—A short-term allergic condition of blood vessels, found chiefly in children, that is characterized by wet sores on the skin of the buttocks, legs, and lower abdomen. Joint pain, stomach bleeding, and blood in the urine are also common findings. The disease, also called Henoch-Schonlein (Schonlein-Henoch) purpura, usually lasts for about 6 weeks and has no long-term effects unless kidney involvement is severe.
—A severe allergic reaction to a foreign substance (antigen) that a patient has had previous contact with, characterized by redness and swelling, itching, water build-up, and, in severe cases, extremely low blood pressure, lung spasms, and shock.
—A sudden, painless, swelling of short duration that can affect the face, neck, lips, throat, hands, feet, genitals, or abdominal organs; also called angioneurotic edema.
—A peptide hormone, also called vasopressin, synthesized in the hypothalamus and released by the posterior pituitary gland in response to decreased blood volume, that stimulates capillary muscles and concentrates and reduces the elimination of urine.
Benign intracranial hypertension
—Difficulty in swallowing.
—A condition in which the serum sodium concentration falls to less than 135 milliequivalents per liter (mEq/L), caused by too little excretion of water or by too much water in the bloodstream; in severe cases, hyponatremia leads to water intoxication, characterized by confusion, lethargy, muscle spasms, convulsions, and coma.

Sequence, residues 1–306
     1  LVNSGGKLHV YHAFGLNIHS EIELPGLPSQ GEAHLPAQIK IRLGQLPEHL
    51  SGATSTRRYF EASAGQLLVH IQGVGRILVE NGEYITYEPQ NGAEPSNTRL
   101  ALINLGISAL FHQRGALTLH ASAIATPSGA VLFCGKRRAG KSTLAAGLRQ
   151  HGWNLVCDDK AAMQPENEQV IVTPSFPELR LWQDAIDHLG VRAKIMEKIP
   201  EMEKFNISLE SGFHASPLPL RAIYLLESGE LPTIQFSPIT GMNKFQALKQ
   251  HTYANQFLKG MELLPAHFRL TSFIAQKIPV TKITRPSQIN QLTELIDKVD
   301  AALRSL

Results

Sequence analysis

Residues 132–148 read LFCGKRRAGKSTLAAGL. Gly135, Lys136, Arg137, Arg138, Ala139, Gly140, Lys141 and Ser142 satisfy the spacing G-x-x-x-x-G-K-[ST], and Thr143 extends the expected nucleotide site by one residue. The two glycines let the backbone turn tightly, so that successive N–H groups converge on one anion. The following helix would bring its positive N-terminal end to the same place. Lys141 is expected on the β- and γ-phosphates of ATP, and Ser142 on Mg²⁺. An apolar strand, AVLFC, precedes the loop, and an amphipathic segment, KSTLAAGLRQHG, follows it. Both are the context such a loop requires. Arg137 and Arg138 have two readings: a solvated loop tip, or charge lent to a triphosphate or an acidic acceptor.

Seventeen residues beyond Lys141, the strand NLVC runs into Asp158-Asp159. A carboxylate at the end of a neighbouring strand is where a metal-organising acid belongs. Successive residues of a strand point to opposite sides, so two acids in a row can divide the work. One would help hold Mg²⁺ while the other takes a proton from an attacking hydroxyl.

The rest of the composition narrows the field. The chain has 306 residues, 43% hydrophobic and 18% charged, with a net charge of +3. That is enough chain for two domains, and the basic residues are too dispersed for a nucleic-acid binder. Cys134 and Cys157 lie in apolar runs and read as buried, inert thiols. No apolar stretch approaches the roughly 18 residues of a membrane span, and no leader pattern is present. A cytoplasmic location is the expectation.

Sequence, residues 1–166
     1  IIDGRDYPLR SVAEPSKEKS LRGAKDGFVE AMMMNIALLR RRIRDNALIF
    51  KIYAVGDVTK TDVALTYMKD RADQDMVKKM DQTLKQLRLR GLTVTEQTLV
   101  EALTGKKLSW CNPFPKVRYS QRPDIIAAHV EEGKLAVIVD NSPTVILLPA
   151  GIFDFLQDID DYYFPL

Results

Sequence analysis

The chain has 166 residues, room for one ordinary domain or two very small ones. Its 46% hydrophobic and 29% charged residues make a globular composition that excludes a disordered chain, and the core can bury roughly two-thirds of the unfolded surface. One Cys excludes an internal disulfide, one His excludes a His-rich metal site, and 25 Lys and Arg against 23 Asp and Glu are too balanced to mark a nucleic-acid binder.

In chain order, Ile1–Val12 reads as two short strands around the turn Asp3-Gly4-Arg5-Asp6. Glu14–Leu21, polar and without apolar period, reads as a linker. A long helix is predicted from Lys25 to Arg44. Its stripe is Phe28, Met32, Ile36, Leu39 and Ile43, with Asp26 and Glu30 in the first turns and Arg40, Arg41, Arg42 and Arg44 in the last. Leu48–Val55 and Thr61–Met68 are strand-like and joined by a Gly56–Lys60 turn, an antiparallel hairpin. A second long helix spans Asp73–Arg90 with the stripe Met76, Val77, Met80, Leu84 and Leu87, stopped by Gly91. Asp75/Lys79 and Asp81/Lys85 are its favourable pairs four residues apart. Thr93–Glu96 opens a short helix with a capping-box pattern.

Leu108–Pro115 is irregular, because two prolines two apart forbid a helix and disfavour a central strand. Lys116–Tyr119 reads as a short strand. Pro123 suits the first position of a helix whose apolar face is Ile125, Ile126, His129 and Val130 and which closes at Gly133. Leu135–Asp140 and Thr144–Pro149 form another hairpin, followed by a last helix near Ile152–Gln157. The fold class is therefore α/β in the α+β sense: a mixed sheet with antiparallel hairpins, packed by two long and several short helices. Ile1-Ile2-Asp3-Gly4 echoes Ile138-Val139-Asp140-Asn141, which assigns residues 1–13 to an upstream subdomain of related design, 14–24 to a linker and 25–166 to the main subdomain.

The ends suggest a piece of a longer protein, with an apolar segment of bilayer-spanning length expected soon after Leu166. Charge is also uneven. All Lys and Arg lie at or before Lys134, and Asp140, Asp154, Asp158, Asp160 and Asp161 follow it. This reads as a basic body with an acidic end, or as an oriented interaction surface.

—A long-term disease that affects women four times more often than men, characterized by severe swelling of the blood vessels giving rise to arthritis, kidney disorders, red rash over the nose and cheeks, weakness, fatigue, weight loss, photosensitivity, fever, and skin sores that may spread to the mucous membranes and other tissues of the body; also called systemic or disseminated lupus erythematosus.
Nephrogenic diabetes insipidus
—A condition in which the kidneys do not retain urine, resulting in excess urination and thirst, and very watered-down urine.
—An inflammation of the pancreas diagnosed on the basis of severe pain that begins in the abdomen and moves to the back, fever, loss of appetite, nausea, vomiting, and jaundice.
—An inflammation of the pericardium, the membrane covering the heart, marked by pain that begins in the chest and moves to the shoulder or neck, fever, difficulty breathing, and a dry cough.
—An abnormal sensitivity of the skin to ultraviolet light, often resulting from use of an oral or topical drug, that leads to accelerated and severe burning and blistering of the skin.
—A plasma protein, produced by the liver and converted to thrombin by activation factors in the plasma, involved in blood coagulation; also called factor II.
—An overgrowth, during antimicrobial treatment for another infection, of a microorganism not affected by the treatment.
—A broad-spectrum antibiotic.
—A sensation of ringing or other similar sound in the ears.